Yesterday, the Chronicle of Higher Education published a harrowing story about Jorge Domínguez, a senior professor in my graduate department. The article documents in careful, nauseating detail his many, many decades of sexual harassment and predation.
Domínguez was my first advisor at Harvard. Indeed, I came to the department specifically to work with him, as a young scholar interested in post-Soviet politics and Cuba in particular. Like many women, I have no shortage of #MeToo stories accumulated over the years. But it is my experience with Domínguez—and the #MeToo that didn’t happen because I removed myself from his influence before it could—that has had the most profound and lasting effects on my life and career.
My story is about what happens when women act on intuition. The potential career, scholarship, and contributions that are forfeited “merely” on account of a strong case of heebie-jeebies. The “hysterical” or “paranoid” woman who changes course to avoid an experience she knows in her marrow has the potential to escalate. And the ways in which that sort of exit conditions what remains possible and what does not in that woman’s life.
My story in no way compares to Terry Karl’s account in the Chronicle piece, or Yoshiko Hererra’s, or any of the other women brave enough to come forward. There is no quid pro quo or smoking gun in my case—just many small incidents. Loaded glances. A hand lingering a little too long on a knee, on the small of a back walking into or out of an elevator, squeezing an arm a little too hard and too long for emphasis. Closed-door meetings after normal hours. Cornering me at receptions and blocking my exits. Inappropriate jokes and comments. It was all very vague, very impressionistic, oh-you-misunderstood-I-didn’t-mean-that kind of stuff. Everything adding up to a very, very bad feeling.
I have not always followed my intuition in this life, which has often been to my detriment. But in this case, I did. Shortly after arriving at Harvard, I began going to great lengths to avoid spending time with Domínguez. I dreaded our advisor meetings, so I limited them or intentionally missed them. I dreaded being stuck in an elevator with him, so I avoided the building entirely. I dreaded my required course with him, so I skipped sessions he led. And as soon as I could, I filed for a new advisor and changed my entire topic of study in order to eliminate any reason to spend time with him at all.
It became a running joke in my cohort how distressed I was by Domínguez, even after I had switched fields. Once, as a joke, a few friends kidnapped a stuffed monkey from my office and created a blog with ransom-style posts of the monkey in compromising situations, including one posing in front of Domínguez’s office door holding a sign that said “Help Me.” When a member of my study group for general exams invited him to one of our sessions to help us prepare, she openly acknowledged I probably wouldn’t want to attend that week. And I didn’t. I didn’t attend any seminars, any receptions, or any events that I knew would involve him. In an extremely competitive and gossip-driven atmosphere like an elite graduate program, that kind of behavior is much more likely to get interpreted as “can’t hack grad school” than what it really is, which is panic, dislocation, and profound self-blame.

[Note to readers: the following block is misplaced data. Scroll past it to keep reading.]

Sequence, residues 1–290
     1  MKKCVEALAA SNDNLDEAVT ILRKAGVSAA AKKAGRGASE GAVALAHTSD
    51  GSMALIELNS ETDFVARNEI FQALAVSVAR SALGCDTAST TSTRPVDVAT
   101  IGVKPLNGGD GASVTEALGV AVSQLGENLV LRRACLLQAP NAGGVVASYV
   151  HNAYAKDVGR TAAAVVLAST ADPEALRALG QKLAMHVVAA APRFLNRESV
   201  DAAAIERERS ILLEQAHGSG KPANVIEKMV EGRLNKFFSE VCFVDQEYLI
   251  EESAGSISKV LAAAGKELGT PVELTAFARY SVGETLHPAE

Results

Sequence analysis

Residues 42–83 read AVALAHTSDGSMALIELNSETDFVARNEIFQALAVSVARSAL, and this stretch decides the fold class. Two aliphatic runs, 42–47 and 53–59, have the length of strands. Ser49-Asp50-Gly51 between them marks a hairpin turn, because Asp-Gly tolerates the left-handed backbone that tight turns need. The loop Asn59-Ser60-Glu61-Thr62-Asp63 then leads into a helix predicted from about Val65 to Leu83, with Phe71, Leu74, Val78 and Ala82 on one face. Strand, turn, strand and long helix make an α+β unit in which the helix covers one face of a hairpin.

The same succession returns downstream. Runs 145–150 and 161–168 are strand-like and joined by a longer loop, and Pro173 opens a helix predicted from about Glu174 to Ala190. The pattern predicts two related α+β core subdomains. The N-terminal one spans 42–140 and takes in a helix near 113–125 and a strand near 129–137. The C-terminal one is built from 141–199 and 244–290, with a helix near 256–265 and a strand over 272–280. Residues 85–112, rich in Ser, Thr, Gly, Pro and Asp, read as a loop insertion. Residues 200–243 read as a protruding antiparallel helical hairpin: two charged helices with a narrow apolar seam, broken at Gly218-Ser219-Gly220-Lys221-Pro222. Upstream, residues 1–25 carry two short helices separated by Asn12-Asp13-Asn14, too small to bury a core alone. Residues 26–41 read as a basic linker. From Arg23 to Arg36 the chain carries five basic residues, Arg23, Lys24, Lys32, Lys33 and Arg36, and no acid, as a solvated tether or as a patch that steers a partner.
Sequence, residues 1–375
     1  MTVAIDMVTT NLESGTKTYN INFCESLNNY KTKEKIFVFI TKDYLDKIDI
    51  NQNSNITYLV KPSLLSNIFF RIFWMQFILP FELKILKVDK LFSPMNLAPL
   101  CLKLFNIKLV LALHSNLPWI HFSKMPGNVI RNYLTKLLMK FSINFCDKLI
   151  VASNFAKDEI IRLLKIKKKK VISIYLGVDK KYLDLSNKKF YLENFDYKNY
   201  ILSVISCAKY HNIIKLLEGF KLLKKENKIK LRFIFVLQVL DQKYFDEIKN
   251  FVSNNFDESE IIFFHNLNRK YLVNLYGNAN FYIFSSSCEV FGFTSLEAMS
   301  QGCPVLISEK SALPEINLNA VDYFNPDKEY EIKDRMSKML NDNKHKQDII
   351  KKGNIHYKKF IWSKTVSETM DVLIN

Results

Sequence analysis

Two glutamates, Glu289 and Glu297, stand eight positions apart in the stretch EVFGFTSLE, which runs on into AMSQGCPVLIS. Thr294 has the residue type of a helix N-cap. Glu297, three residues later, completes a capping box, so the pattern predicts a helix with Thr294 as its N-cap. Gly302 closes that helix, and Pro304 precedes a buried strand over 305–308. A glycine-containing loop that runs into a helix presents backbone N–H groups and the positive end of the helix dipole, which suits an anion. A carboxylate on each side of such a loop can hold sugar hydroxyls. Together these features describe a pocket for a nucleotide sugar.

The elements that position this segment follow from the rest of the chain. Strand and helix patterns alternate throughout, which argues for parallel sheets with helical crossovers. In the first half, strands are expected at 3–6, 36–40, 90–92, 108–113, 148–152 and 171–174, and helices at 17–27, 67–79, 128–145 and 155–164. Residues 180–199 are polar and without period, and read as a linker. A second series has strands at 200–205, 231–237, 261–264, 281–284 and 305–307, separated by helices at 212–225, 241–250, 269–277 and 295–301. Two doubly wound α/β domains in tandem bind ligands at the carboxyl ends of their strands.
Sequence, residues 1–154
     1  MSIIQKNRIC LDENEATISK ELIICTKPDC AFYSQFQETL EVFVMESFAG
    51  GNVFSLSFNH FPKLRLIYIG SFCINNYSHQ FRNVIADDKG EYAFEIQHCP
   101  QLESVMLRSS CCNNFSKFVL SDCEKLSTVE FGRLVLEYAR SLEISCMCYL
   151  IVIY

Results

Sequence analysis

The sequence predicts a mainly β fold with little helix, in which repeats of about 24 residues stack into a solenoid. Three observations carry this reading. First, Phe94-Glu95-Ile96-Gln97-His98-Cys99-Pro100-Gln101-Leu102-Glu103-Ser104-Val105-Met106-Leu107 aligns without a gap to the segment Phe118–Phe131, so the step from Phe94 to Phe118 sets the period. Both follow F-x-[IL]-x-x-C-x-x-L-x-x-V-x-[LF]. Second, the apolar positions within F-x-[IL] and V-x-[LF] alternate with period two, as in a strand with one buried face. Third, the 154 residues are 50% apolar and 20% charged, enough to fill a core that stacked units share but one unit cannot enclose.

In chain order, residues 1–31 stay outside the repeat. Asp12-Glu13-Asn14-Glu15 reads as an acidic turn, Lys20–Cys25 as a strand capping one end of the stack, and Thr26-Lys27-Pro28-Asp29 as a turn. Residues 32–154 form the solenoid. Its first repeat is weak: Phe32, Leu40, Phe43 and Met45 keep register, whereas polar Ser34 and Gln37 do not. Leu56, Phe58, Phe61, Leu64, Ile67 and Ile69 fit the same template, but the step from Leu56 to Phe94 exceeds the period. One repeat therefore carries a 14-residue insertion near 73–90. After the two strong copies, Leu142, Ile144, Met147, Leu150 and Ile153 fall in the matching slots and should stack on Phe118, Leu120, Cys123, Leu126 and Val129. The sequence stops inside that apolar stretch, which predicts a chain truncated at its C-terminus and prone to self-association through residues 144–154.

Everywhere I looked, Domínguez was promoted and celebrated as a great teacher, researcher, and above all a tremendous advisor and mentor. Everyone said I was lucky to get a chance to work with him. People I thought the absolute world of seemed to think the world of him. The message was clear: he wasn’t the real problem. I must be.
I had arrived at Harvard with a plan. I knew who I was and what I wanted out of grad school. I arrived with an award-winning honors undergraduate thesis about Cuba that I wanted to continue exploring. But by the end of that first year, I didn’t know any of those things anymore—or even if it made sense to continue pursuing my Ph.D. at all.
It’s a particularly damaging type of lie to dramatically adjust course in life while pretending everything is fine and denying the real reason behind it. It requires a mix of mental, emotional, social, and professional gymnastics that are profoundly draining as the gap between the truth and saving face just grows wider and more treacherous. What happens when you try to live like that is you start living into the lie so completely that you utterly lose yourself. Small choices rooted in small lies to protect a certain facade lead to bigger choices rooted in bigger lies and bigger facades. And one day you wake up and you are so far from where you started that all that is left is a profound sense of self-betrayal mingled with crushing obligation to all those lies. To the “self” those lies nourish and sustain.
When people ask me why I still haven’t finished my Ph.D. in over a decade, I can point to a lot of reasons. And many of those reasons are legitimate in their own right. But one reason I never include is that I am haunted by, and have carried around with me all this time, the scholar I did not permit myself to become because I acted on my internal warning system.
I don’t regret the choice I made to change course and pursue a different, uncharted area of study. I don’t even regret the extra time and heartache and confusion and extreme self-doubt that process has caused me, or any of the cascading consequences of a forfeited career that eventually accompanied it. I do regret that I have pretended, for over a decade, that the choice was completely my own. It never really was.